Back to Issue Twenty-One.

without directions & with



I’m so done with God & honking; I attribute my new anxiety
To the fact there are three mutually exclusive remotes
On the coffee table. A test-tube baby is hatched with a serial

Number instead of a name & every word she utters will be recorded.
Her cloned twin—they’ll beaker every drop of moisture
She ever produces: eighty-four years’ worth—and this is the new

Conceptual art. I believe gadgets are erasing our internal
Lives—the world escaping from its straitjacket.
Automatic doors have their own agenda. If only I’d taken

The butter dish out to soften the toast would not have
Disintegrated with this morning’s aggression.
I fantasize what I’ll have time to accomplish in the time

It takes the coffee to finish percolating. I don’t percolate as much
As I once did though erections are still somewhat involuntary.
I sobbed when I carted the felines to the Humane Society

When my pregnant wife’s asthma flared up but they were
Missing from their cardboard box. Then things got even
Stranger, like a paperboy delivering the Sunday Edition

With a duct-taped mouth. Domestic equilibrium, however, seesaws:
If the cashier rings up the wrong price you get that item free
But by the time I find a good parking spot & unload I ain’t got the oomph

To trek back to the supermarket. I like web surfing Before & After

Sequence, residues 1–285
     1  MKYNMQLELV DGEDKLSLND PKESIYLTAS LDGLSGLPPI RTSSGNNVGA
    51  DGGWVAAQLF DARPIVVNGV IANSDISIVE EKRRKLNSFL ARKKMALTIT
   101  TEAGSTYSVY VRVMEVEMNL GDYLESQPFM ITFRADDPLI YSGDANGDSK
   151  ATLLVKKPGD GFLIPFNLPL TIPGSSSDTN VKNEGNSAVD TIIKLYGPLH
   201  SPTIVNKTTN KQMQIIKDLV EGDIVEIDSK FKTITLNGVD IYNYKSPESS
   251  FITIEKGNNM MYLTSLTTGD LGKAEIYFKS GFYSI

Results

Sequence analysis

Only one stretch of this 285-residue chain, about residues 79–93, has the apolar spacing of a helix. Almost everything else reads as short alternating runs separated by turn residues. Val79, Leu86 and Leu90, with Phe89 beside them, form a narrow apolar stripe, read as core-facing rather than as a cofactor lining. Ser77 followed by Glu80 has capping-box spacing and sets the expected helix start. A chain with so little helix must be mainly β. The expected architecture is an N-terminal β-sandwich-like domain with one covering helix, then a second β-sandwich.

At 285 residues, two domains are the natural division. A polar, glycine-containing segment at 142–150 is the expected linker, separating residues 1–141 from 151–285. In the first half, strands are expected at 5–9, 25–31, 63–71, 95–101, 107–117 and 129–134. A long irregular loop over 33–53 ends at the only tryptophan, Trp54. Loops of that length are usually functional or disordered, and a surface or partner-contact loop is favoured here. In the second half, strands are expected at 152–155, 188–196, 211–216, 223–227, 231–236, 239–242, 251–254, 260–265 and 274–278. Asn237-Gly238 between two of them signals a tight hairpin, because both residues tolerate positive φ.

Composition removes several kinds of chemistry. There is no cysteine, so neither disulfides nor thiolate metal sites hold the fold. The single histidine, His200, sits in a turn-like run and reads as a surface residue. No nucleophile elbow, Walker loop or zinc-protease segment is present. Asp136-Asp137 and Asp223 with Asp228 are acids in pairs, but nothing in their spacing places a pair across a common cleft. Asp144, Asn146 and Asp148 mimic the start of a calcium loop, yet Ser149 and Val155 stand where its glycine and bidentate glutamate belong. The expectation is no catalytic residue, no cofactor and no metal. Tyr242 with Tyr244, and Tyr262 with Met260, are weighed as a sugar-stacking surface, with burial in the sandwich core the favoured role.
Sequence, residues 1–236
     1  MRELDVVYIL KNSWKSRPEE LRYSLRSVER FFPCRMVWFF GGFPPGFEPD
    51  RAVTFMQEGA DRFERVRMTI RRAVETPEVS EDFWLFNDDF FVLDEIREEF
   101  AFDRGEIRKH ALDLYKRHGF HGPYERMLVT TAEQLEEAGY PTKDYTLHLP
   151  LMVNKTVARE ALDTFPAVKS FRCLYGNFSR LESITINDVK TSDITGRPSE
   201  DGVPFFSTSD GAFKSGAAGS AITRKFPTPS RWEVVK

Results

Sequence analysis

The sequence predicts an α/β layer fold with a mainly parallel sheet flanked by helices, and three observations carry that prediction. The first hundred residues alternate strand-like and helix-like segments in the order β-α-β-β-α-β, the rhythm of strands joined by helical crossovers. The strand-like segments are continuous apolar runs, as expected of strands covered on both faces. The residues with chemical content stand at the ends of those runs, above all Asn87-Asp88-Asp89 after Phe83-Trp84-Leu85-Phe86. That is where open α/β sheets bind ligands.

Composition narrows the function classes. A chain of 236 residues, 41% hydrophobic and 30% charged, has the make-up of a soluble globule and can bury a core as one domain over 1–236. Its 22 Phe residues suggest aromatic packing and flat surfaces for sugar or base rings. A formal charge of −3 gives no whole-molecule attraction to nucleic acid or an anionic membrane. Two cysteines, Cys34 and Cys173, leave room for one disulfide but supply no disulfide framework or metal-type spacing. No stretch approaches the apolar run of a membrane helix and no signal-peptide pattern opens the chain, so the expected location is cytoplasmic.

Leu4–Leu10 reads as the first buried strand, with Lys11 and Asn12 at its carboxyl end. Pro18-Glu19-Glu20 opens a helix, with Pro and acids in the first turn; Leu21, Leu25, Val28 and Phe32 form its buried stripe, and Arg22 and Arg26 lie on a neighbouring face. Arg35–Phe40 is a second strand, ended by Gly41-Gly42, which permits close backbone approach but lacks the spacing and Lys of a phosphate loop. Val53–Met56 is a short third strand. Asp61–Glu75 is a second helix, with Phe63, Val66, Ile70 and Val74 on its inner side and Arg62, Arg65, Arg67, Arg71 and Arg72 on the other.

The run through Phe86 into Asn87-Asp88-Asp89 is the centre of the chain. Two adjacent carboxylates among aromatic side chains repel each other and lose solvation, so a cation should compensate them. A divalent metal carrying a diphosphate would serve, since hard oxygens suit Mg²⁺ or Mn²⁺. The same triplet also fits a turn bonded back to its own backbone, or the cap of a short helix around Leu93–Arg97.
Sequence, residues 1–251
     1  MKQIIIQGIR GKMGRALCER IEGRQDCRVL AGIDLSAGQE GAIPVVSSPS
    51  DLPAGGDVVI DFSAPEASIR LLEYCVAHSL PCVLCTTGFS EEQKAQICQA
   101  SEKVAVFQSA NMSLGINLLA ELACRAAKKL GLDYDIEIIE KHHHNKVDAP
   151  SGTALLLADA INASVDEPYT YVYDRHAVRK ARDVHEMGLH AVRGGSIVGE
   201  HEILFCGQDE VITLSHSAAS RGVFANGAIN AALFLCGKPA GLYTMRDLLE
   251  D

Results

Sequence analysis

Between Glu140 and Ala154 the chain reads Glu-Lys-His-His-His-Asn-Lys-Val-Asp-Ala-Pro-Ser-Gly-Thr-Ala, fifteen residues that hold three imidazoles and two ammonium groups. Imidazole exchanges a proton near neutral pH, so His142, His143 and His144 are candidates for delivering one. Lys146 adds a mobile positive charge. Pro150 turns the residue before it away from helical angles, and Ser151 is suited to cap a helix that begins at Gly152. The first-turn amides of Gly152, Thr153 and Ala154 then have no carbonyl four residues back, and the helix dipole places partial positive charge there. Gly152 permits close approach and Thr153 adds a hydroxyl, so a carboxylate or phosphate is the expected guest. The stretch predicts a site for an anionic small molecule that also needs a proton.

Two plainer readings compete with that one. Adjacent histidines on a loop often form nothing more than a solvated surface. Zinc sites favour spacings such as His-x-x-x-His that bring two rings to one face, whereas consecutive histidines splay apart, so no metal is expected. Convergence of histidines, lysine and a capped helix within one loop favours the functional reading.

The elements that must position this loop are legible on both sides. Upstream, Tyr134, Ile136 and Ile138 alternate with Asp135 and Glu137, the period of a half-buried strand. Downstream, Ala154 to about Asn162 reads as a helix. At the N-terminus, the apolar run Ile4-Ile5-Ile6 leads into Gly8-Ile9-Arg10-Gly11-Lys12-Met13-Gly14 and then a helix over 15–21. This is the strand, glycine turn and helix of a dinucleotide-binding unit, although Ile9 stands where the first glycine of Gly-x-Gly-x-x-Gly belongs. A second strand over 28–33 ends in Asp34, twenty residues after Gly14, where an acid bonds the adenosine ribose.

Photos of meth addicts, mug shots of unmade-up movie stars
In orange jumpsuits. I’ve seen young women stick their bare feet

Out speeding car windows; their license plates verify they originated
From another planet but I have no interest in puncturing
Their delusions. Remember, my wife says as I leave for the office,

There are cameras everywhere. (There is no place that does not
See you
—Rilke.) I accept the fact I no longer require a television
To watch television, but those taunting remotes. When the cloned

Kids were embryos I assembled toys (half-assed slapped them together
Actually) but always found myself befuddled with extra parts—
Kept them in a secret box just in case things fell apart…


Bruce Cohen’s poems have appeared in such literary periodicals as AGNI, the Georgia Review, the Harvard Review, the New Yorker, Ploughshares, Poetry, & the Southern Review as well as being featured on Poetry Daily & Verse Daily. He has published four volumes of poetry: Disloyal Yo-Yo (Dream Horse Press), which was awarded the 2007 Orphic Poetry Prize, Swerve (Black Lawrence Press), Placebo Junkies Conspiring with the Half-Asleep (Black Lawrence Press), and most recently No Soap, Radio (Black Lawrence Press). His new manuscript, Imminent Disappearances, Impossible Numbers & Panoramic X-Rays, was awarded the 2015 Green Rose Prize from New Issues Press and was published in 2016. A recipient of an individual artist grant from the Connecticut Commission on Culture & Tourism, he joined the Creative Writing faculty at the University of Connecticut in 2012.

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